Jacqueline Berrien, the White House nominee to head the Equal Employment Opportunity Commission, has a wide-ranging background in discrimination law, but will face some considerable management challenges at the agency if she is confirmed by the Senate.
President Obama, who nominated Berrien on July 16, praised the "passion" and "leadership" of the longtime civil rights lawyer, who graduated from Oberlin College and Harvard University Law School, worked for the Lawyers' Committee for Civil Rights and the American Civil Liberties Union, and has taught at Harvard, Fordham University and New York University's law schools.
Berrien has been the associate director and counsel at the National Association for the Advancement of Colored People Legal Defense Fund since 2004. During a previous stint at the organization, she coordinated its work on voting rights and political participation. The Legal Defense Fund referred a call for comment on Berrien's work there to EEOC, which said neither organization could offer comment other than to refer to Obama's statement on the nomination.
Mark Schmitt, executive editor of the liberal magazine The American Prospect, knew Berrien when she was a program officer at the Ford Foundation's Peace and Social Justice Program, and said Berrien looked at law within a larger context.
"She represented a set of people to me who, while doing voting rights, were trying to figure out how do we integrate voting rights into a broader set of issues around democracy," Schmitt said.
Berrien's experience at the Ford Foundation also could provide clues to her abilities as a manager. The foundation's program officers develop and write substantial memos that outline their program goals. At Ford, Berrien created and administered a portfolio that distributed more than $13 million in grants for increasing political equality and participation among racial and ethnic minorities and women during a three-year period.
"I thought she was a very good listener; the kind of person who didn't talk that much, kind of absorbed what people were trying to do, and helped them do it," Schmitt said. "I never felt like she had her particular agenda."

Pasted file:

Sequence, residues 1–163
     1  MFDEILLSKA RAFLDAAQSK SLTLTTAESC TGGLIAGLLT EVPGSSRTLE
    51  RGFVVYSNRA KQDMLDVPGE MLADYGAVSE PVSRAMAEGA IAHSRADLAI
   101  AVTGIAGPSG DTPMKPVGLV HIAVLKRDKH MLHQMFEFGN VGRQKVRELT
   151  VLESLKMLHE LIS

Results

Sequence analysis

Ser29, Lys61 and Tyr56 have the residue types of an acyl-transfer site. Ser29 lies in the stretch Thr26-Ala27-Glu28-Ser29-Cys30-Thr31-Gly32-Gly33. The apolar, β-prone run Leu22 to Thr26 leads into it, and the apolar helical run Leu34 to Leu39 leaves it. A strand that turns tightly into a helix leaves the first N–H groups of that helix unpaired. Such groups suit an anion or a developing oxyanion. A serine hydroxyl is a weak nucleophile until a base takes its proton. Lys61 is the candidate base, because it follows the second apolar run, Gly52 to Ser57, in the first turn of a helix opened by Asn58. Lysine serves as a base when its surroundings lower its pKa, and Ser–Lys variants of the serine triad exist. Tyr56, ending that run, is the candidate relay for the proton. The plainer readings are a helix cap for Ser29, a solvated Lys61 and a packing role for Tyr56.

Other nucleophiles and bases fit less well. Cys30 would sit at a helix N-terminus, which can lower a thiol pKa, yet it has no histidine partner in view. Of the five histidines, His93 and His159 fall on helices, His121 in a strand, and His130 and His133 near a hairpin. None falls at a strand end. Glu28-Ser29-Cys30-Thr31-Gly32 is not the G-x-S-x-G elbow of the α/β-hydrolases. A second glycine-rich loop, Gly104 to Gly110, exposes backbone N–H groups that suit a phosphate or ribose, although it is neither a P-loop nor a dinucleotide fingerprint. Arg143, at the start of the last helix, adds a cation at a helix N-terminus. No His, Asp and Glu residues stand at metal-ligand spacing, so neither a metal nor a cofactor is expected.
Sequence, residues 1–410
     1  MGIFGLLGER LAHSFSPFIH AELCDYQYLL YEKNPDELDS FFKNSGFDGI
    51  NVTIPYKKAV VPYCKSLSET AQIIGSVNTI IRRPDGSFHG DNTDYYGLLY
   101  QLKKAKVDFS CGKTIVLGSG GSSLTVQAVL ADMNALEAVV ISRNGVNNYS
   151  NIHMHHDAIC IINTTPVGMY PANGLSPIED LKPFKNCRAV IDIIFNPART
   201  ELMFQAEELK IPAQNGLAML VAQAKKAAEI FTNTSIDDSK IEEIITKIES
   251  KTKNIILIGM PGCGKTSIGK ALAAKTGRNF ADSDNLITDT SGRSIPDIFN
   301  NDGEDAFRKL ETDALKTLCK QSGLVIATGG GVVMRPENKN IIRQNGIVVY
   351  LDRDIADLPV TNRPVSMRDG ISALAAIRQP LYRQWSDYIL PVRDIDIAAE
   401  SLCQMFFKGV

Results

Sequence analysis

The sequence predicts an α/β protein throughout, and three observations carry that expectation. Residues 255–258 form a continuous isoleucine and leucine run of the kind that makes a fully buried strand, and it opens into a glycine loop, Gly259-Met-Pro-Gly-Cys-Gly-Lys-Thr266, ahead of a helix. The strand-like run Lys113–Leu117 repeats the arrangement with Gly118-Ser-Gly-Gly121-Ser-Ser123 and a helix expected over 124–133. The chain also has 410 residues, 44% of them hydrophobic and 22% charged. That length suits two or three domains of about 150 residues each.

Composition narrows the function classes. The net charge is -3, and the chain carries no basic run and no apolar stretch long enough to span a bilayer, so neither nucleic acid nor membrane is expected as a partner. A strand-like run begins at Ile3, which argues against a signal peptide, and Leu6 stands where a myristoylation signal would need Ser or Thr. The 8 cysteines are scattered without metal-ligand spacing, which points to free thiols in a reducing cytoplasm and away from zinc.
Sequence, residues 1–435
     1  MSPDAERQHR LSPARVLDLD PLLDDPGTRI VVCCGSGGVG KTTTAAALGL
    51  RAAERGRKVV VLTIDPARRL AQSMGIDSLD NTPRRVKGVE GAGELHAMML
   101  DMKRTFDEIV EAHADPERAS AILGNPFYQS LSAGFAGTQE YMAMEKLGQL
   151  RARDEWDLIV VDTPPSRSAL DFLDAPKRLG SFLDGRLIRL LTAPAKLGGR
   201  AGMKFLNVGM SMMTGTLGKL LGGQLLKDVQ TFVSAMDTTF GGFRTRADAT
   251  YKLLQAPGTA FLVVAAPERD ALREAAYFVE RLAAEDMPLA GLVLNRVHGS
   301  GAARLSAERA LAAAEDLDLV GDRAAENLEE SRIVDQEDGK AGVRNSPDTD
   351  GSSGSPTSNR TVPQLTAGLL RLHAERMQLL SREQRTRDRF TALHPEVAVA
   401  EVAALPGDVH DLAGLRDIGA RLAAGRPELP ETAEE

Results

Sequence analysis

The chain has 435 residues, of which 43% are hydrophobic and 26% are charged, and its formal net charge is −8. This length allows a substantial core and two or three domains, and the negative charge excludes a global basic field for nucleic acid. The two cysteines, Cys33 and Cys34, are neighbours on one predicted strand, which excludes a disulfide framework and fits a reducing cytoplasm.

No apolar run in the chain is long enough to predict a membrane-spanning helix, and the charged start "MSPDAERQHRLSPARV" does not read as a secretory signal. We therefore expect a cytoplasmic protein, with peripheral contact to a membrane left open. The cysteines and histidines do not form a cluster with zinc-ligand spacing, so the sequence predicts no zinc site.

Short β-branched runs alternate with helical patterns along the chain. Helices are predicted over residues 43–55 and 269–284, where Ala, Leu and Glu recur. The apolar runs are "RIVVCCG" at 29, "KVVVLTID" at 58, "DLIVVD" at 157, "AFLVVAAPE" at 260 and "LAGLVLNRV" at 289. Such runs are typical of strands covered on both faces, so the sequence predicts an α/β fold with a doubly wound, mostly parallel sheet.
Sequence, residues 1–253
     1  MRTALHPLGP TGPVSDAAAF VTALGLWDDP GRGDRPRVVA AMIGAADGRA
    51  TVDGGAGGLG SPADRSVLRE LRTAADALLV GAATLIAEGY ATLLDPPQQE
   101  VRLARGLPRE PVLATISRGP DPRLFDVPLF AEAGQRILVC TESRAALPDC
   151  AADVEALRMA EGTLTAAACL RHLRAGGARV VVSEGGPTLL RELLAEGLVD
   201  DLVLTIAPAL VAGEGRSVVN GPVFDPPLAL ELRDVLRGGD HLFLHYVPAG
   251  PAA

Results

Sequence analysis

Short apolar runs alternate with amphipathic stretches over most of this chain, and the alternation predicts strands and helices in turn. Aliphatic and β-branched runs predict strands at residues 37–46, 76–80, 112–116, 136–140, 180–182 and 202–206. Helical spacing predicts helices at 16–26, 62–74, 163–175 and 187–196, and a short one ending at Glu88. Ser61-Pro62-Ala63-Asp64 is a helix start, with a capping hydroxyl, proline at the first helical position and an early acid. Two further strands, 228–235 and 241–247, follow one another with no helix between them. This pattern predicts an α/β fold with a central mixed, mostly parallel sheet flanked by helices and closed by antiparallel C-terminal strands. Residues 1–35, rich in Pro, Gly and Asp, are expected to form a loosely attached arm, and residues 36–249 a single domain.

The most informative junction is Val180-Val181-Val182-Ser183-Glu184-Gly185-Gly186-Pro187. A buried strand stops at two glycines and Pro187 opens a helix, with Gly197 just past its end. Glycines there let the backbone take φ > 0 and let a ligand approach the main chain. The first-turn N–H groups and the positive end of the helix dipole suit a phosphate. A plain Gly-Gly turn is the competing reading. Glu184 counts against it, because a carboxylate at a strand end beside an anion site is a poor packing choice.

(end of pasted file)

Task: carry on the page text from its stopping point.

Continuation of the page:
Gabrielle Martin, president of the American Federation of Government Employees' Council of EEOC Locals, said she thought it would be helpful that Berrien's management experience was at nonprofit groups, rather than in the private sector, because she would understand some of the resource constraints that government agencies face.
Staffing levels at EEOC have fallen 25 percent since 2001, from 2,850 to 2,150, even as its caseload has risen dramatically, from 82,972 in fiscal 2007 to 95,402 in fiscal 2008. That same year, the agency's backlog of cases reached 73,951. In a survey administered by AFGE in January, 59 percent of respondents said morale at their office was at the lowest levels possible. Thirty-five percent of respondents said the number of front-line staff was so low that it was a crisis, significantly affecting their ability to do their work.
Martin says she hopes Berrien is willing to improve relationships between labor and management at EEOC, and to seek out more input from front-line employees.
"The union has constantly reached out to say we may not agree, but we have issues we need to talk about," Martin said. "I think the dialogues can be constructive, and aside from this acting chair [Stuart Ishimaru], in the past two administrations, we didn't have a lot of open dialogue, or dialogue period."